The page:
Issue – Pollination, biodiversity and our well-being: everything is interconnected
Pollination, biodiversity and us
On average, more than 30% of bee colonies disappear in Belgium every year. The acceptable rate is 10%... This is an excellent indicator of the extent to which pollinators in general (bees, butterflies, beetles, etc.) are threatened.
Yet, the well-being of pollinators and man is closely interlinked! That fact is not purely an environmental one, it also happens to be an economic reality.
Pollination is the manner in which most flowers reproduce. It entails the process of carrying a pollen grain from the stamen (male organ) to the pistil (female organ) which allows plants to be fertilised. More often than not, pollen grains are carried by pollinating insects (entomophilous pollination), in the main, bees.
Biodiversity and food diversity are by and large the result of this fertilisation process.
Food diversity: For 30% of our food, we directly depend on pollinators. E.g.: tree fruit production (pears, apples, cherries, plums, etc.), soft fruit (strawberries, redcurrants, raspberries etc.), market gardening (gherkins, cucumbers, melons…), seed production (carrots, salads, chicory, etc.), oil production (rape, sunflower, flaxseed, etc.).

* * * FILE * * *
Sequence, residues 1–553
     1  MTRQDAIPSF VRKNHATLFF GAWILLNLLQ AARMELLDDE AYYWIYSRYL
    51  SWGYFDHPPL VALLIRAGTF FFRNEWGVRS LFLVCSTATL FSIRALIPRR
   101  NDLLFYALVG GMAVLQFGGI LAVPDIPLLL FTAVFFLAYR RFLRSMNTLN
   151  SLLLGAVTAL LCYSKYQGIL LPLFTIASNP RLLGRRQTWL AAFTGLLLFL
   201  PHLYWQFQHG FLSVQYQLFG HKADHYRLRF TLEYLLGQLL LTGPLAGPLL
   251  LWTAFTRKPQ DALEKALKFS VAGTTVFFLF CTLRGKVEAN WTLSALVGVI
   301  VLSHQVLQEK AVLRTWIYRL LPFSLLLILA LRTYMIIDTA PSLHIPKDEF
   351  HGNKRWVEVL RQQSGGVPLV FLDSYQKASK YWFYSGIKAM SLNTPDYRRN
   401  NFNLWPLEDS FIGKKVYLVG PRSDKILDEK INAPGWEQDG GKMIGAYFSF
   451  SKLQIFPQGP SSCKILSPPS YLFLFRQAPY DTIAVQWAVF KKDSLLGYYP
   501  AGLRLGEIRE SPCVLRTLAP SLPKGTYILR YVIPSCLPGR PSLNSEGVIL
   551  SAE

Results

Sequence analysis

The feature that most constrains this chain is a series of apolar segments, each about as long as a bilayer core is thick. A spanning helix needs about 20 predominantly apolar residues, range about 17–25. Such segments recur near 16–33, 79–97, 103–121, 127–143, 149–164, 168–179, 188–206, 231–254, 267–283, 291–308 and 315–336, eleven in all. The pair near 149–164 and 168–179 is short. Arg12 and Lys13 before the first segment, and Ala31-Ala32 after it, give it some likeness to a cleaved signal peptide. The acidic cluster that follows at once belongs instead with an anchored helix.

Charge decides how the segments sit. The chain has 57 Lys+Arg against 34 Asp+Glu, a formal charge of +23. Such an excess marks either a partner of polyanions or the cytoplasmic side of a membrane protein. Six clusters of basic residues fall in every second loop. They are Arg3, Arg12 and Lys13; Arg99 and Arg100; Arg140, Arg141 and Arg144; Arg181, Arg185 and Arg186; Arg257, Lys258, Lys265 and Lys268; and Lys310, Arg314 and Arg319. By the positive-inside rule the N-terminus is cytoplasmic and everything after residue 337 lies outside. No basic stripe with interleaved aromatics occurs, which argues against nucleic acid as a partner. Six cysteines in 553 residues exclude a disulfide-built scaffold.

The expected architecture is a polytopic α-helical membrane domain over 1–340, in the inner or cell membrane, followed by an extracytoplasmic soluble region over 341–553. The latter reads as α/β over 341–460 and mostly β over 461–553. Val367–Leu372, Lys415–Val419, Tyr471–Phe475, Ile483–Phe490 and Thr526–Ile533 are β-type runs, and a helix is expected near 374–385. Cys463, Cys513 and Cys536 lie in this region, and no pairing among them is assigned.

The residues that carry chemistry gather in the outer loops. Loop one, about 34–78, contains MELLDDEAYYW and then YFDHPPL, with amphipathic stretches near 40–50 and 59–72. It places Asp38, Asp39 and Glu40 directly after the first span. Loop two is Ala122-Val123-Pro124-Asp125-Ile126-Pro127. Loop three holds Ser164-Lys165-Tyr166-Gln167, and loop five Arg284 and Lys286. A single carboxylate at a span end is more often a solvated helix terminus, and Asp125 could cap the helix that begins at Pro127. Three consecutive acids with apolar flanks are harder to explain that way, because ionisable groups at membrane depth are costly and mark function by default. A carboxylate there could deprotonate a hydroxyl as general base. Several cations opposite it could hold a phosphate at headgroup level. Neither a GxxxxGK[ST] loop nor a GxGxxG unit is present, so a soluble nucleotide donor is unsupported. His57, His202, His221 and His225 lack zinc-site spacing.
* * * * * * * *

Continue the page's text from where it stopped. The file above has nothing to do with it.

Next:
Some studies deem that if bees were to disappear, Belgium would have to import an extra 20 to 40% of its food with all the ensuing and obvious negative effects on the economy, energy consumption, health, etc. Now, if the current trend was to continue that myth could become reality within 25 to 50 years from now…. A recent study conducted at the University of Reading, England, concluded that, for all the crops to be properly pollinated, Europe would need another 13.4 million colonies of bees, i.e. another 7 billion bees.
Biodiversity: proper fertilisation of plant species by pollinators is essential if part of the flora and fauna are to be conserved (food, reproduction…).
And man? Pollinators have real value:
- Economic value: 84% of species we cultivate depend on pollinators. These species give us raw materials, medicines, food for humans, foodstuffs for livestock, biofuels.... The global value of the services pollinators provide amounts to approximately 153 billion euro a year.
- Ecological value: conservation of flora and fauna has a direct or indirect impact on the quality of our water, on soil fertility and stability, on climate regulation…
- Emotional value: pollination has a beneficial effect on our health, the quality of our green spaces, the beauty of places…
- Ethical value: pollinators help to conserve numerous species.